The Good, the bad and the ugly of Lambasingi tourism

lambasingi, visakhapatnam

Till about a decade ago, Lambasingi, or Lammasingi as it is locally called, was a little-known sparsely populated village high up in the hill range of the Chintapalli Mandal in Visakhapatnam. That was till snowfall was recorded there in 2012. This is when it started gaining the attention of local, and statewide, tourists. People throughout Andhra Pradesh and neighbouring states started flocking this quiet village.

Presently, tourism at Lambasingi is a two-sided coin. As much as the revenue it generates, that much of an adverse effect it has on the ecology and once-pristine hillside. The question is whether tourism is a boon or bane for locales like Lambasingi.

The good

The single-digit temperatures allowed for many non-local fruits and vegetables to grow on the hills at this popular place in Visakhapatnam. For instance, the recently introduced strawberry farms. Consequently, every weekend the locals watch in amusement as cars, bikes and buses offload hundreds of denizens searching for bathrooms and the strawberry fields. And they responded accordingly; where once nothing was available, there are now tea stalls, breakfast nooks and even local houses offered up for a night stay. Makeshift stalls selling locally grown produce, shops selling bottled water, food trucks and road-side tea kiosks are now a regular feature every weekend. Thus, the local economy boomed. For instance, the predominantly thatched roofs have now given way to proper cement houses. The daily life has seen a definite improvement, revenue has increased and enterprising villagers have prospered.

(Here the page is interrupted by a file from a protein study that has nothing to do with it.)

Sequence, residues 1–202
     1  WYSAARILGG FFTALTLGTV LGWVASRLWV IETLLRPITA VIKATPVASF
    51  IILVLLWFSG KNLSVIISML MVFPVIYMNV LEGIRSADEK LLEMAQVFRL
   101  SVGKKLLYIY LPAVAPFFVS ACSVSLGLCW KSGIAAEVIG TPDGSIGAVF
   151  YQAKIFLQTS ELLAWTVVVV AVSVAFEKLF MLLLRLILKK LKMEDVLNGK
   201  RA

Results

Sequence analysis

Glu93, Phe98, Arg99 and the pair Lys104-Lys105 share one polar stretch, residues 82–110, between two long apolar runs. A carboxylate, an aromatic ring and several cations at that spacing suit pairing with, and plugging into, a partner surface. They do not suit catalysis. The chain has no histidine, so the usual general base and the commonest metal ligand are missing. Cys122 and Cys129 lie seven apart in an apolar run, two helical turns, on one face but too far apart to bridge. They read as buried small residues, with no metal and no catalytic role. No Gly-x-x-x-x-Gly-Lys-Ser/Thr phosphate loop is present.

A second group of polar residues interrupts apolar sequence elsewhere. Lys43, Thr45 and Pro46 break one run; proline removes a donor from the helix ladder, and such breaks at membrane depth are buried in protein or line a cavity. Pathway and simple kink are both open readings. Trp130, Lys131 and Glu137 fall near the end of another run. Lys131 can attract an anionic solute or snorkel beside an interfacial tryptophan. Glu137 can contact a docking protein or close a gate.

The bad

With no proper resort or hotel on the hilltop, tourists are often advised to carry all that they would need. Which translates to bottles of water, packets of biscuits and chips, packed picnic lunches and of course, alcoholic beverage bottles. But the irresponsibility with which these in-search-of-nature-tourists throw the wrappers, bottles and disposables, is pathetic. Added to that, beer drinking bikers and impatiently honking drivers spoil the tranquil atmosphere. Plastic, waste and noise have thus emerged as the major pollutants here.

The ugly

Discarded water-bottles, liquor bottles, plastic wrappers, paper cups, and aluminium foil litter the area. Every street, water body and empty plot in Lambasingi are scattered with these carelessly thrown non-eco-friendly packing materials. The sweet juicy strawberries are diligently packed in cute plastic boxes to be carried back by enthusiastic shoppers. But many an empty plastic box is found discarded just off the fields. And added to the garbage that tourists leave behind, the weekly village markets also generate a lot of plastic waste. The lack of public toilets is another pitiable reality, and though villagers are helpful, building this basic infrastructure is much required to help the tourists flocking this place in Visakhapatnam district.

The need of the hour

Lambasingi is fast deteriorating into a commercial and littered tourist spot. Currently, there are no measures put in place to handle the escalating waste generated by the influx of tourists, especially plastic and non-biodegradable litter. Sensitisation of the public to keep the hilly place clean is very important. Adequate dustbins should be placed and cleared on a regular basis. Display boards and signages along the ghat road, and at every junction, should also caution the public against littering. The locals should be educated, and encouraged, to insist that garbage is deposited in bins only and not on the wayside. Hefty penalties should be imposed on those who litter the places.
For all these, an enforcement mechanism has to be in place. Action has to be taken before the problem further escalates. Visitors need to be sensitised and the notion of taking every piece of paper and plastic back to Visakhapatnam or other places for proper disposal should be inculcated. Mother Nature has generously shared some of her beauty with us. Let us not spoil it. Let us make proper use of it so that the locals will gain from it in a productive and healthy manner.

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